Ah, The Great Escape. Snipping at the heels of its American counterpart, SXSW, the British festival – established for music discovery – has grown considerably in recent year, drawing thousands of music fans and industry professionals out to Brighton to watch hundreds of established and emerging bands from the world over showcase their sounds in a variety of venues.
Over three days and nights, we saw a smorgasbord of new music whilst having no choice but to embrace the beauty that is an English springtime, completely with dreary and relentless rain. It didn’t dampen spirits, however, and we came away from the festival tired for sure, but packed with new favourites from around the globe we are keen to hear more from as this year continues to roll out.
At present, I’m sat in a London pub, poring over notes scrawled on the back of a coaster from the weekend, still piecing it all together, so let’s dive in – day by day, shall we?
Having arrived in Brighton the afternoon before, I took the opportunity to collect my delegate’s pass early to avoid the melee of people the following day. Thoughts instantly went out to the festival crew tasked with establishing TGE HQ in Jubilee Square as the rain would thunder down. The Sounds Australia family established a huge presence for themselves at Komedia for another year, as the 2017 Sound Gallery brought the likes of Dean Lewis, Olympia and Tired Lion to the fore.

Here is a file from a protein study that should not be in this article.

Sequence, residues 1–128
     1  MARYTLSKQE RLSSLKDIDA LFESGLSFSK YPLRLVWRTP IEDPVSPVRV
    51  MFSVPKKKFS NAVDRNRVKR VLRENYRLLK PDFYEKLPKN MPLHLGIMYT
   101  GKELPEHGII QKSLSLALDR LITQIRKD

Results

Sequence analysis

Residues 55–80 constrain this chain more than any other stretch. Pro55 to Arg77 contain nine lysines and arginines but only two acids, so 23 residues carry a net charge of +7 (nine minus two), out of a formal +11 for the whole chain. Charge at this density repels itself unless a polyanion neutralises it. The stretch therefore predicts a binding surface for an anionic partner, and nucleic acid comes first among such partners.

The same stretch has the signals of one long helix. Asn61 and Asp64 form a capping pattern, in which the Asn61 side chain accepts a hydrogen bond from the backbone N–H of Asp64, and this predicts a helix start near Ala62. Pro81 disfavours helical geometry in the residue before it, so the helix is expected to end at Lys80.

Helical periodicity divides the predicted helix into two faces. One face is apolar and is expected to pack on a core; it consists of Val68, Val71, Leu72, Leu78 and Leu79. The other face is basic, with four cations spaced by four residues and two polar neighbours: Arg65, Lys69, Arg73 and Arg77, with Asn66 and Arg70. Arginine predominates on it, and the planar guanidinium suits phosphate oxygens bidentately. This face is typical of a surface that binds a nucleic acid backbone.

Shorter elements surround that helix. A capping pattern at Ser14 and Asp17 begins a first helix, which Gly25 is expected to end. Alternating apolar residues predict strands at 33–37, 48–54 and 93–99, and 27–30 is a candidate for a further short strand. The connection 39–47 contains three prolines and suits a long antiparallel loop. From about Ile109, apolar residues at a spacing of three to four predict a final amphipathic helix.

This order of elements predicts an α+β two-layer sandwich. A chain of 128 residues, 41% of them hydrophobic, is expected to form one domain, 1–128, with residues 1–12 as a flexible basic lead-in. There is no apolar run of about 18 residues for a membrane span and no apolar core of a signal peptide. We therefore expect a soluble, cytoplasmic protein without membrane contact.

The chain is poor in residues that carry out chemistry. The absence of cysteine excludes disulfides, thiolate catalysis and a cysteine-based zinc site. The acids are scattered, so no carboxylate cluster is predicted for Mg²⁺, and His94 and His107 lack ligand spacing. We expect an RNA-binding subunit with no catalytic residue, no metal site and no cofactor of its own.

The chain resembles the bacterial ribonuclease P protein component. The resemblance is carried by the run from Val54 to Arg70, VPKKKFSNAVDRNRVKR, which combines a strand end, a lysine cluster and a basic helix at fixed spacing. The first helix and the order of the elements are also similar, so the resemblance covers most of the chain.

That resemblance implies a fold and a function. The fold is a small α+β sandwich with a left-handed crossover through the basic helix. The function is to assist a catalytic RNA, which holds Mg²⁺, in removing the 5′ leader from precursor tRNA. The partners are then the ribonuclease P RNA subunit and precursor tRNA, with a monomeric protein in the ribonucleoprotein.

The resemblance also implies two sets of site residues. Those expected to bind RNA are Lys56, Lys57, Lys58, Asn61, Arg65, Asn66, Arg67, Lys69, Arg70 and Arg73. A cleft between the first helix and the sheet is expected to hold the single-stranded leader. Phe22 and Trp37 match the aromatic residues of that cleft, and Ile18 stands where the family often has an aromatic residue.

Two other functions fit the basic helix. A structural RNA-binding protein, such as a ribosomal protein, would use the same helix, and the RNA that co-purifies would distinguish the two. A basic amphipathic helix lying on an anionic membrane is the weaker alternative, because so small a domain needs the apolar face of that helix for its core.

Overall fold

Irish folk artist Alibhe Reddy charmed at Bleach shortly after noon; only coming to her music shortly before this trip, I was enamoured by her grace onstage and the way she commanded attention, a command within musicality that would filter through into her Prince Albert showcase on the Friday.
Venturing out slightly, I indulged in some rock-fuelled fare courtesy of BlackWaters – the 18 year olds who already have the likes of Carl Barât and acclaimed producer Spike Stent in their corner. Playing at Bleach on Thursday afternoon, the room’s temperature increased – something I wasn’t sure was possible after the deserving-of-hype Anteros flooded it with catchy indie-pop – and fuck, did BlackWaters turn up to play.
My knowledge about Charlotte Day Wilson was also scarce prior to this trip, though I knew that the Canadian was very much an artist to watch. Set up at the Sallis Benney for an 8:30pm set, hers was a set that remained on my list and though I managed to unfortunately miss the bulk, it’s undeniable that the girl has got the goods.
Elsewhere in the early evening, I found myself by the seaside at the Harbour Hotel & Spa as Joe Fox was setting up for his Marine Room show – a gig that was in a room I knew I was well below the pay bracket of normally being granted access to. Fox’s voice is a gorgeous one and it’s no wonder A$AP Rocky had been captivated by it, at least enough to sample his music on At.Long.Last.A$AP. Unfortunately for Joe, his set was maligned by sound issues by a sound engineer who looked like this was his first rodeo, but in the end, the crowd bore witness to a consummate performer who rolled with the punches and delivered a great time for those who stuck it out.